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Making the Python logger module do your bidding

March 21st, 2012 — 6:52pm

One of the things that Lokai supports is the automatic download and processing of data. For this type of operation logging is clearly important, both to inform people of problems to solve, and to keep records. In Lokai, the logging module has been brought in to service these various needs.

The basic automation concept is that files are placed in a directory, and a process comes along and loops through the files until none are left. For logging, we need to recognise that there are two groups of people involved.

One group, the data managers, are interested in the files themselves: was the file processed, were there any errors in the content of the file, are there any actions arising from the content. As far as possible, this group would perhaps prefer that all errors or actions for a single file are reported in one pass, rather than having the process stop on the first sign of trouble. More, the reported errors should be grouped into a single message to reduce email traffic.

The second group, the system managers, are interested in the correct operation of the process. In this case, the process might stop if there is a system or programming issue.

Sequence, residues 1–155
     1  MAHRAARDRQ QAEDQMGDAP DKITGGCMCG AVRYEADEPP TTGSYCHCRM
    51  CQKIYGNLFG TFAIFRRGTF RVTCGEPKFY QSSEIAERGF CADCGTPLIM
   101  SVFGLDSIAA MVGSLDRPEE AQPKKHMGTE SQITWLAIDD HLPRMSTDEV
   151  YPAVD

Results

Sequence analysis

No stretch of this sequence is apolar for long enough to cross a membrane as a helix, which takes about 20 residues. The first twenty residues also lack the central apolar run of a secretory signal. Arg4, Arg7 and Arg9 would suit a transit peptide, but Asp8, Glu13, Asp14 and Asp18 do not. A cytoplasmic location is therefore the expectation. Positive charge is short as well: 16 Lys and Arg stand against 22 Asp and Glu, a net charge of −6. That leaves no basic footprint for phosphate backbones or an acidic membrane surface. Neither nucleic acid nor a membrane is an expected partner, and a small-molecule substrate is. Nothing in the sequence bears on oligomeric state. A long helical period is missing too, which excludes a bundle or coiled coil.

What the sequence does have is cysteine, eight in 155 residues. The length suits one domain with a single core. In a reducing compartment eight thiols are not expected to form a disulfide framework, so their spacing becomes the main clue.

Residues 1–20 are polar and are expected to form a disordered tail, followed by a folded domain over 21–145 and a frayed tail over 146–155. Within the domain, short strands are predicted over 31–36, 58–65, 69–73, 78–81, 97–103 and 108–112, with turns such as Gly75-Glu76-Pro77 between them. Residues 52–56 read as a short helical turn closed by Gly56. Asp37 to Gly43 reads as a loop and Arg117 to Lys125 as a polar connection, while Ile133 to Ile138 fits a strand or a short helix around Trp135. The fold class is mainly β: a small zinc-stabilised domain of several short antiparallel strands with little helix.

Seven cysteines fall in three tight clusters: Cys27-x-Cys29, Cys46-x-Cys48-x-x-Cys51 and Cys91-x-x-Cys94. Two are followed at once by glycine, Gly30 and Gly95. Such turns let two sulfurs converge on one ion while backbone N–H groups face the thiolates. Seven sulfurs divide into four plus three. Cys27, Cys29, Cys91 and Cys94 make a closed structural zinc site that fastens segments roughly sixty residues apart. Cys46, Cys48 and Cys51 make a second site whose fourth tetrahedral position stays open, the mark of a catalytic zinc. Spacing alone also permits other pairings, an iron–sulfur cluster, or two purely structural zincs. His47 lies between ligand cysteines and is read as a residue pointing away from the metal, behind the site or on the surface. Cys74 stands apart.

For both groups, the logs must identify the actual file being processed.

To cover the various needs of these groups Lokai provides a number of more or less configurable facilities:

  • Process related messages are emailed to a system manager email address.
  • File related messages are emailed to a data manager address.
  • Messages for a single file are grouped together.
  • The email subject line is set dynamically to reflect the current file.
  • All messages go to a common log file for basic record keeping.
  • Messages from file processing are accumulated and emitted as a single message for the whole file.
  • Messages are also posted to the Lokai database as actions that must be addressed
  • Message statistics are provided for managing end of file actions.

To put this into some sort of context, a file processing program might have this type of structure:



    for file_to_process in get_next_file():

        set_email_subject("Processing file %s" file_to_process)

        for line in open(file_to_process):


            log_a_message(text) # As appropriate

        if log_messages_have_errors():


Obviously, this leaves out a great deal, but it serves to identify what type of calls we might want to make. Much of this is quite straightforward for the logging module. On the other hand, logging does not support dynamic update of meta data, so set_email_subject is something new. As it happens, we also have some work to do do to make some of the other things happen behind the scenes. My next post will look at the features of the logging module to see what might be done.